British cheese is world class, of course, but if you love the Alps in winter or summer, and you love cheese, you’ll have come across some pretty special cheesy delights in the mountains.
Here are 11 great cheesy experiences you could enjoy in the Alps this National Cheese Day (4 June 2022).
Well, it seemed like a good excuse to indulge in some cheesy dreaming. Perhaps one of the new cheese hikes on offer this summer to the Alpine Cheese Olympics (yes, that’s a thing). Or you could choose from learning the art of raclette to making your very own cheese.
(Apologies in advance for the next three lines)
These are the ones we are really fondue of…
Here are our brie-liantly cheesy ideas…
A fromage bucket list if you will…
What better way to celebrate national cheese day than a hike through the spectacular mountains of Megève in the French Alps, stopping off at local farms to sample their finest cheeses and see the how the products are made.
As a true ambassador of mountain cuisine, Megève has 51 farms and local producers offering a treasure trove for those who choose to purchase their ingredients locally. The expression “from farm to table” has never made so much sense. Setting off from Leutaz car park, a new one-hour cheese hike takes food lovers to Alpage de Chevan, where local farmers, Aline and Guillaume, raise their 70 cows and make Abondance cheese.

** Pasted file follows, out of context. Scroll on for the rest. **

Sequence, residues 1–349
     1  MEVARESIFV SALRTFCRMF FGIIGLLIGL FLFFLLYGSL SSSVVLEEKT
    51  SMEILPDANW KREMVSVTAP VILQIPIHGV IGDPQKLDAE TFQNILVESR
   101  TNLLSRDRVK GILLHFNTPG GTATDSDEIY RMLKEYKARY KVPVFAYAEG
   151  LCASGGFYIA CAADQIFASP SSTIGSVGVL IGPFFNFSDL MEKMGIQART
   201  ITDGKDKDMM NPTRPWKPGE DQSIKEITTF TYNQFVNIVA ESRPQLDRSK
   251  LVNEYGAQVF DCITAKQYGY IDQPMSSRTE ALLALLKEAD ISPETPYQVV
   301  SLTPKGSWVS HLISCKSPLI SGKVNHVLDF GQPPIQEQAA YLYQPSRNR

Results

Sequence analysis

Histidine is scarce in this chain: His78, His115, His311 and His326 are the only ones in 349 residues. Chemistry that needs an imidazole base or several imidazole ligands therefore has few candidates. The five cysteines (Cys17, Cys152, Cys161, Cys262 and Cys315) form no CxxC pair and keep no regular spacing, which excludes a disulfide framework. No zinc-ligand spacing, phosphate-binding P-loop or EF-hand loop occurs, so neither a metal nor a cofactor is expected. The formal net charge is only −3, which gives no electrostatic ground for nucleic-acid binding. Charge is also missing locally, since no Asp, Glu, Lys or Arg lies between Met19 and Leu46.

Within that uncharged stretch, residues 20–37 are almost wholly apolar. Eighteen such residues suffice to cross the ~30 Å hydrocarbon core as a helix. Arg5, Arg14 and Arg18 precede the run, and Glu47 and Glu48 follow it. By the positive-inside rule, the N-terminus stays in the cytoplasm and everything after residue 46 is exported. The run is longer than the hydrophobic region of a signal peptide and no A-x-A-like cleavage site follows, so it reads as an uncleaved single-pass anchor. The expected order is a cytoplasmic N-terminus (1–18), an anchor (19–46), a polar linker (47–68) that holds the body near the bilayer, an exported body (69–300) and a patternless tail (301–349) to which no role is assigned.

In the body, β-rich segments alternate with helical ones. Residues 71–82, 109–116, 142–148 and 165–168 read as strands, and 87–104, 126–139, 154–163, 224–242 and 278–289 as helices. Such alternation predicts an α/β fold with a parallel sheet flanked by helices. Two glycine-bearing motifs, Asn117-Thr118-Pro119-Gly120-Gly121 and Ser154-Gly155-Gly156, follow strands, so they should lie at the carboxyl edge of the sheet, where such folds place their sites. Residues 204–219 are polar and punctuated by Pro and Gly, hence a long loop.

Abondance cheese is a semi-hard, fragrant cheese made exclusively from milk produced by the Abondance, montbéliarde, and tarine breeds of cattle. It has a strong smell and combines a buttery and hazelnut flavour with a fine balance of acidity and sweetness.
The hike includes cheese tasting at the farm GAEC Les Alpagistes that must be booked in advance. Another cheese-must in Megève is fondue. Discover a menu of Savoyard classics at Restaurant Alpin at Les Fermes de Marie that have been developed by Frédéric Royer, master cheese monger of La Fromagerie Boujon.
The Traditional fondue of Les Fermes de Marie was named ‘Best Fondue in Megève’ at the annual Toquicimes culinary festival (2019) and costs €30 / £25.
Legend has it, that on a cold day, a shepherd put his cheese a little too close to the fire. He ate the melted cheese anyway and was hooked – Raclette was born. The method has since been developed and perfected to the point where it has become an art that maestro Eddy Baillifard teaches.